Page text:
Filler content with yet more novellas

Reviews of four more novellas that originally appeared in Black Static #38:-

MISCELLANEOUS NOVELLAS (continued from Tuesday’s post)

William Meikle’s latest novella from DarkFuse, BROKEN SIGIL (DarkFuse eBook, 55pp, $1.99) is the story of Joe Connors, a policeman working Internal Affairs, who has to investigate the shooting of another officer, only in this case the victim, Johnny Provan, was formerly Connors’ partner and best friend, until he began an affair with Connors’ wife. The shooting seems straightforward enough, but what intrigues Connors is the sigil carved into Provan’s flesh and the mystery of why he moved into the apartment block outside which the shooting took place. Joe finds a building where the walls between the worlds are thin and which provides solace for broken people. His own room is waiting.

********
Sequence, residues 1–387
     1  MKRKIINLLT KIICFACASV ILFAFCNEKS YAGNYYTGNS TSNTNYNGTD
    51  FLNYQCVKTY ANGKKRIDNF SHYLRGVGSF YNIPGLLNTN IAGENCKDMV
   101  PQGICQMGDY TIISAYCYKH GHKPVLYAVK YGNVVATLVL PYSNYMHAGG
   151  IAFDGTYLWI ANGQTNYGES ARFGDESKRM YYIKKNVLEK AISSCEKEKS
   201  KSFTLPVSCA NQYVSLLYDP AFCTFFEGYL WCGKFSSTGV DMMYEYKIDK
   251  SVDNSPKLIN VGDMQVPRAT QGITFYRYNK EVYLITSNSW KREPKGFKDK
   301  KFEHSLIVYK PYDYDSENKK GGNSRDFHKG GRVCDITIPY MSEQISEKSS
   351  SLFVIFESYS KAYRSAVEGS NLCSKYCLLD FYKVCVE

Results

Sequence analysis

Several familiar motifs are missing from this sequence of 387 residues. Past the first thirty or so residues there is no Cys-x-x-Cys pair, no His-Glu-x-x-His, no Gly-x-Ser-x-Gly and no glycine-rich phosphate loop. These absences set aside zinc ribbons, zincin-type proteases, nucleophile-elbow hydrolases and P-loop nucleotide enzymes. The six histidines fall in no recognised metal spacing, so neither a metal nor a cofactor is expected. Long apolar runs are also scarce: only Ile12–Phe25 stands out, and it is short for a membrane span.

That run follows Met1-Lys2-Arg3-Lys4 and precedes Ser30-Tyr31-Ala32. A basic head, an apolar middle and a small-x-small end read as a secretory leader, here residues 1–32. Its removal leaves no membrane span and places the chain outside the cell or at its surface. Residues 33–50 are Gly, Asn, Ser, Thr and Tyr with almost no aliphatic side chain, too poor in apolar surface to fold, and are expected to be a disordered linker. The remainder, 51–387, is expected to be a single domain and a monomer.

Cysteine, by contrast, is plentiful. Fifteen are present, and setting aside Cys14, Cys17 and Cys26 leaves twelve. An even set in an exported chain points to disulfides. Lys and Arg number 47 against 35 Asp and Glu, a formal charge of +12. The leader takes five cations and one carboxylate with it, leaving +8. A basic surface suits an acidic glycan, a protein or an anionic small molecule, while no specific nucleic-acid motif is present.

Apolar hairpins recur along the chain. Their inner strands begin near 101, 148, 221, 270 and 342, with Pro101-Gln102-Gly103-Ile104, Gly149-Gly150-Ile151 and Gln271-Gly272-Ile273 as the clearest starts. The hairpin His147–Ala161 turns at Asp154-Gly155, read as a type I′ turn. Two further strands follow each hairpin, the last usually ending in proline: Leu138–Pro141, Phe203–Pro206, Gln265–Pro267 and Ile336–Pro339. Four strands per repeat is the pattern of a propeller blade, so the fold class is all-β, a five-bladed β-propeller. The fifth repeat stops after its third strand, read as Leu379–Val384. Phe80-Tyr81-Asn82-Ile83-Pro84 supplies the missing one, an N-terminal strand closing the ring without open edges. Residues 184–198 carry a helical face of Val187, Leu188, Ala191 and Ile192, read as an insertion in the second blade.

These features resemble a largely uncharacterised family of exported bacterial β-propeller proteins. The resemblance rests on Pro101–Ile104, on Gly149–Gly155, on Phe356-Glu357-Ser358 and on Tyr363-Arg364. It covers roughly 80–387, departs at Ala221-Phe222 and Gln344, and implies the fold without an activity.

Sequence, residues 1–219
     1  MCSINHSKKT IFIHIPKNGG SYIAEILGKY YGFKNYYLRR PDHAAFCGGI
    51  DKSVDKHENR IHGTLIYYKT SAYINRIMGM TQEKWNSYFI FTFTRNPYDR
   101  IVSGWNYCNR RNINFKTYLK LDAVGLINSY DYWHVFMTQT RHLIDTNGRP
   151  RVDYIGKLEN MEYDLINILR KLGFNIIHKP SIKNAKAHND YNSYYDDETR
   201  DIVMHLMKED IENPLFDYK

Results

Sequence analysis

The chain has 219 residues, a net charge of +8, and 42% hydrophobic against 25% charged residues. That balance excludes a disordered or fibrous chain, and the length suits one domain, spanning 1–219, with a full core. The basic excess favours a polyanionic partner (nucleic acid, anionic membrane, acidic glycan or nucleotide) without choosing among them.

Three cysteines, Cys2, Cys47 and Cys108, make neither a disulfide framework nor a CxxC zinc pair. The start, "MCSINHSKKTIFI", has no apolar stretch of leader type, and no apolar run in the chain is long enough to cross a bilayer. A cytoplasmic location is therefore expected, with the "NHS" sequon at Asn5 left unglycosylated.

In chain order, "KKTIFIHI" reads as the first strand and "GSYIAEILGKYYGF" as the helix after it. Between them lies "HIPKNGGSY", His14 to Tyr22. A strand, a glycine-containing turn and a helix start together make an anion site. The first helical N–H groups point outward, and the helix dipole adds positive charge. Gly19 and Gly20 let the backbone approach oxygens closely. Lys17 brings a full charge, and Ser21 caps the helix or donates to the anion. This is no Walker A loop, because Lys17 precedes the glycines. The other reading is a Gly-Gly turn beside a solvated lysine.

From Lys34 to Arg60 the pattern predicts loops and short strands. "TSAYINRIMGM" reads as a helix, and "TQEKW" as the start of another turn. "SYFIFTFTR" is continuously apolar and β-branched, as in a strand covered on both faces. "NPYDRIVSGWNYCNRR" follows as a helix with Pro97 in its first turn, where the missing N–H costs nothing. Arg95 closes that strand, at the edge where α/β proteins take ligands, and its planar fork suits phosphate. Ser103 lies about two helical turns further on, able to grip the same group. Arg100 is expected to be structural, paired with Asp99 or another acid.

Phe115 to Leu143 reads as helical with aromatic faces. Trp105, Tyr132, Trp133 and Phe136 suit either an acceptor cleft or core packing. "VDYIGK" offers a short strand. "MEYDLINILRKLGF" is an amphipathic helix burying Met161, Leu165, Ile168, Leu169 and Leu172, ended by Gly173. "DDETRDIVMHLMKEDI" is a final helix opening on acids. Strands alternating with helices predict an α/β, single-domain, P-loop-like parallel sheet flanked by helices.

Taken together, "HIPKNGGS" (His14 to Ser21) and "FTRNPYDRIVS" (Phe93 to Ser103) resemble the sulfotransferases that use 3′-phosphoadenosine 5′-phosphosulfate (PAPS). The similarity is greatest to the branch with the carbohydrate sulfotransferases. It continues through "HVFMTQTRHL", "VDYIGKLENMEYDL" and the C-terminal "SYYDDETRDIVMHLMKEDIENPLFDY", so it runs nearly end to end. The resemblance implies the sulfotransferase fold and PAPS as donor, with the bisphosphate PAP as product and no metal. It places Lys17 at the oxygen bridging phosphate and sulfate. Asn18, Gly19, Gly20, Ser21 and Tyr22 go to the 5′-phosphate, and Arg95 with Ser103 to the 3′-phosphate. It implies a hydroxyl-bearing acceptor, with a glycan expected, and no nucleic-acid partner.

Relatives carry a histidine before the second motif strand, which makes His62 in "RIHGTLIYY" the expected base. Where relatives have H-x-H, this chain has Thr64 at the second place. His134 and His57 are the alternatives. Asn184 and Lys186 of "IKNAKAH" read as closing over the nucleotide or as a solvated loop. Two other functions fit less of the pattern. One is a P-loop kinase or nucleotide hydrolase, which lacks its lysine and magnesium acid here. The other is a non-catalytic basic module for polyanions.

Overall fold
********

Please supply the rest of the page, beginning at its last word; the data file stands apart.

Meikle has been producing some of his best work under the aegis of DarkFuse, and this novella is no exception. At the heart of the story is a singularly striking variation on the haunted house theme, presenting the idea of a form of magic that enables us, through certain objects, to connect with those who have died, to interact with them and find solace of a kind through doing so. For Connors the person he wishes to contact, like Provan before him, is his wife Brenda, tragically killed in a car accident while leaving him for the other man. But Joe is not the type of man to be satisfied with things seen through a glass darkly. He’s a loose cannon, one who shows no respect for the rules of the place and through his actions he threatens to bring it all crashing down around their ears.